As the study showed, we will have a “structural imbalance” forever without major changes. The only choice we have is to keep making huge cuts from K–12 and health care, or raise revenue. The last few years have seen more tax breaks for businesses and a tumbling economy; record profits and soaring unemployment. The experts say we can’t “grow” our way out of this mess. Let’s listen to them and do something now to save our schools.


Making more cuts doesn’t make sense

Paul Nelson and Jeff Wendland’s Feb. 27 column made some good points about the beauty of Mesa County’s abundant natural resources and discussed the importance of outdoor recreation here. However, they failed to address the scope of our country’s budget crisis and recognize that in order to get our fiscal house in order, we must make cuts to all programs funded by the federal government — regardless of what fund the money is coming from.

Over 10 percent of Mesa County’s population is currently unemployed, oil is trading at just under $100 a barrel, our economy is still recovering from the worst recession since the Great Depression and our annual deficit is at an unprecedented $1.5 trillion.

Cutting spending and working toward balancing the federal budget should be priority number one for our lawmakers, and that means making cuts to funding across the board. All programs must be looked at and cuts must be made if we are ever to get our budget back in line.

Rep. Scott Tipton should continue the fight to balance the budget and restore fiscal responsibility to our country — even when it means cutting some funding to the federally sponsored programs we love. I applaud his efforts thus far and say keep up the good work.

Grand Junction

Lottery could benefit education

I am asking Gov. John Hickenlooper, members of the Colorado Legislature, and the Colorado Teachers Association to consider supporting an educational lottery devoted to K–12. It is time for our state and educational leaders to get creative.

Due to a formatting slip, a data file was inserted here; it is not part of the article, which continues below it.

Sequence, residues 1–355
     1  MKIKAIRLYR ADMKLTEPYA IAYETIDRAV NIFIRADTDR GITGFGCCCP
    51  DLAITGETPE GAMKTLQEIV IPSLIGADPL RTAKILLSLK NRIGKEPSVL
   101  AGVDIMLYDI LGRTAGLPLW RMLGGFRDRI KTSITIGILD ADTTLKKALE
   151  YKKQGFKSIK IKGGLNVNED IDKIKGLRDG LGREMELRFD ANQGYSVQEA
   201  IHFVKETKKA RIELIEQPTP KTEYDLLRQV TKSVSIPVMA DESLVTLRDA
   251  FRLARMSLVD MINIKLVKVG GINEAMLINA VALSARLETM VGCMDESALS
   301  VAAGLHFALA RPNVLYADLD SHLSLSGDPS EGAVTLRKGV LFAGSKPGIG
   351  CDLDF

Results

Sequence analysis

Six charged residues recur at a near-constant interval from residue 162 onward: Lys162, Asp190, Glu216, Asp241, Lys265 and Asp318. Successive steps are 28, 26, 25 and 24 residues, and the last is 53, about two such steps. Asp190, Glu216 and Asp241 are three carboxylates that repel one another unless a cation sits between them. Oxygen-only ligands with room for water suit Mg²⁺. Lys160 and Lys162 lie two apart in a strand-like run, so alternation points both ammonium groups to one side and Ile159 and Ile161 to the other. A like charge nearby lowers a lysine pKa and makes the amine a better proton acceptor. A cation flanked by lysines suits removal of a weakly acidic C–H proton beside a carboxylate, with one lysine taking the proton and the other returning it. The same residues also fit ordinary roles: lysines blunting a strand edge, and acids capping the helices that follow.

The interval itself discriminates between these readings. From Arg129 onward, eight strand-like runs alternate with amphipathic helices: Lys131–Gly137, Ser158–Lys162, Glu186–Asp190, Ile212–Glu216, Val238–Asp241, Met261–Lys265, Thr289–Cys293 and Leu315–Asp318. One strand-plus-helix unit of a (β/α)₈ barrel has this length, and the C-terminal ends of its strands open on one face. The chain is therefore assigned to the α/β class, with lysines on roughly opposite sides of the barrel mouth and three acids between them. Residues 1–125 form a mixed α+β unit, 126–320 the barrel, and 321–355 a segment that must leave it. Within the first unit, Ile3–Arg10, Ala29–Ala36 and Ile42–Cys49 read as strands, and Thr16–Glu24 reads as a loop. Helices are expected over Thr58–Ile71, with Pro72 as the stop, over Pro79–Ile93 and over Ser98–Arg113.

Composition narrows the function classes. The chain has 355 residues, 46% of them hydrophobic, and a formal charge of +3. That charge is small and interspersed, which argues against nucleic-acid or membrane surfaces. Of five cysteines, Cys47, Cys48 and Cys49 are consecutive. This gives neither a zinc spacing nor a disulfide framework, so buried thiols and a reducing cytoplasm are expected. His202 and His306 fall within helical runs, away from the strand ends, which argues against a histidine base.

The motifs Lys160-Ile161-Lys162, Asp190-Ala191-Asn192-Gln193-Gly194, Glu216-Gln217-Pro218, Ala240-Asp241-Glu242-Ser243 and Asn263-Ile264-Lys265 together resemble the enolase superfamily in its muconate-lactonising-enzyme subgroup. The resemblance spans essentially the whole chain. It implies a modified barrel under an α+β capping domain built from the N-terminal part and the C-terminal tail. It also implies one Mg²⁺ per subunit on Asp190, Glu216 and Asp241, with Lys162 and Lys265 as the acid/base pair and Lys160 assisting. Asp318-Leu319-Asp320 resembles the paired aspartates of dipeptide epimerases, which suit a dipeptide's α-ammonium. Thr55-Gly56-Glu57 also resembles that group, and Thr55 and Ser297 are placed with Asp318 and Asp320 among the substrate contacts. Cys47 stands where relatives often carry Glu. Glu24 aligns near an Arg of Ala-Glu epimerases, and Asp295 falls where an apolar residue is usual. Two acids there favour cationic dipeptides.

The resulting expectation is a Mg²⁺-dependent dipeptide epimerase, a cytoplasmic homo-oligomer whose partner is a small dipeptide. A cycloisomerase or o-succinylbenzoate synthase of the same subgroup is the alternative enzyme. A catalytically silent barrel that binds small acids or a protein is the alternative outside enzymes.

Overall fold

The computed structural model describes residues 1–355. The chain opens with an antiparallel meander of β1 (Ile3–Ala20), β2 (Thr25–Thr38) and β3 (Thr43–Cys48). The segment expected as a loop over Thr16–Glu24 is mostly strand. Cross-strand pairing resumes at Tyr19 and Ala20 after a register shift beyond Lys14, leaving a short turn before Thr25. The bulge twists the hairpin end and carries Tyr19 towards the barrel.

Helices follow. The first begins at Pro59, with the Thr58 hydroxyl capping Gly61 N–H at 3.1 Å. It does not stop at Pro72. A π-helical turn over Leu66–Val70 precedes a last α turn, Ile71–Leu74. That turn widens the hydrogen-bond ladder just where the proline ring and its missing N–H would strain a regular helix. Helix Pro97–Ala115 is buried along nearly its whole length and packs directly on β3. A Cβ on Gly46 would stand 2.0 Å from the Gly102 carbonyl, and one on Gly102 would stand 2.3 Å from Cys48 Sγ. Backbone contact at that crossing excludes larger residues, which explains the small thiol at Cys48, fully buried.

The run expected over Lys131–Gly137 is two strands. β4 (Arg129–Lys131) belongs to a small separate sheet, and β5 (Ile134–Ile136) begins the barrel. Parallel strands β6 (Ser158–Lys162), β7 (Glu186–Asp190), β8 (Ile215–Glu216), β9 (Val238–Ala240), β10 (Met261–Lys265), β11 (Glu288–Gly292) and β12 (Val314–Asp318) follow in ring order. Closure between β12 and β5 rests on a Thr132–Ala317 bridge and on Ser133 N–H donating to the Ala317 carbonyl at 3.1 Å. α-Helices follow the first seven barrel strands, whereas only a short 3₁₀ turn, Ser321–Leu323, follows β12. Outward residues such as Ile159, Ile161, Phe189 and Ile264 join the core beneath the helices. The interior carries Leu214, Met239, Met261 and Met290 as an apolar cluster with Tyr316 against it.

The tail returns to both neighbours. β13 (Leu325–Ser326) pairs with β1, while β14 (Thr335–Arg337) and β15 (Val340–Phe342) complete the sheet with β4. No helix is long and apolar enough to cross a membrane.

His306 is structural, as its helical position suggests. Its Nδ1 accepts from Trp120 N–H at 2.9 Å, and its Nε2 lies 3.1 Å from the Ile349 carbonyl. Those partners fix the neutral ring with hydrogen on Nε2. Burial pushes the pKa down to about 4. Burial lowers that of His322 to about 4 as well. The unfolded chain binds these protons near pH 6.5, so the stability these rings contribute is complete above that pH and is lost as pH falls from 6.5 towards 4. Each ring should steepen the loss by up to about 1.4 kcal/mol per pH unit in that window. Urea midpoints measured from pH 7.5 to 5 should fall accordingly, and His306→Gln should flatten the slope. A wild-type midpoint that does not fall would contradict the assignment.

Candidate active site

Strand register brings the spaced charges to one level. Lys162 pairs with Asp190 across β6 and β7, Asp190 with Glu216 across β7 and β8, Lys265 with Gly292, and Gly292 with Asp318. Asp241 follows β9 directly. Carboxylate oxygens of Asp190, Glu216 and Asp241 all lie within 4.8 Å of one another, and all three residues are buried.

I understand that this type of legislative action may require an amendment to the constitution like our current lottery. This lottery would provide a guaranteed minimum of funds each year for K–12. I believe that the public would support this idea as opposed to raising taxes. I am sure that the teachers would support this idea as well.

As a former educator, I do not want to see any teachers lose their jobs due to the irresponsible actions of our state government. Let’s save and improve K–12 education in Colorado and not destroy it! We need to protect the future of our children and the careers of many valuable teachers. Call the governor or your legislator today and ask them to support this legislation this session.
New Castle

Monument has been used for bike races in the past

Apparently, the concept of precedence does not resonate with the superintendent of the Colorado National Monument or the Regional Director of the National Parks Conservation Association. Both, we have recently discovered, are opposed to the use of the monument for a stage of the Quiznos Pro Challenge bicycle race.
The precedence in question is the previous use of the monument’s Rim Rock Drive for the 1980–88 Coors Classic bike races, as well as a location site for the 1985 movie, American Flyers. Google the Wikipedia website for the Coors Classic and you will access the following excerpt:
“The Coors International Bicycle Classic had many storied stages, including the world-renowned Morgol-Bismarck circuit. The site of the Grand Junction, CO, road race, the Colorado National Monument, was so exotic in appearance that the stage became known as ‘The Tour of the Moon’ and was even featured in the Warner Brothers movie American Flyers.”
There is no doubt that the U.S. Park Service authorized approval for the use of Rim Rock Drive for several Tour of the Moon stages and as a location shoot for American Flyers. To the best of my knowledge, there were no adverse impacts from the bike race or the movie.
So why, then, are supporters of another local stage race, perhaps as early as 2012, being told that the monument is now off limits, other than as a route for a celebratory victory lap? That is what the organizing committee, as well as U.S. Sen. Mark Udall and Gov. John Hickenlooper would like to know.
Grand Junction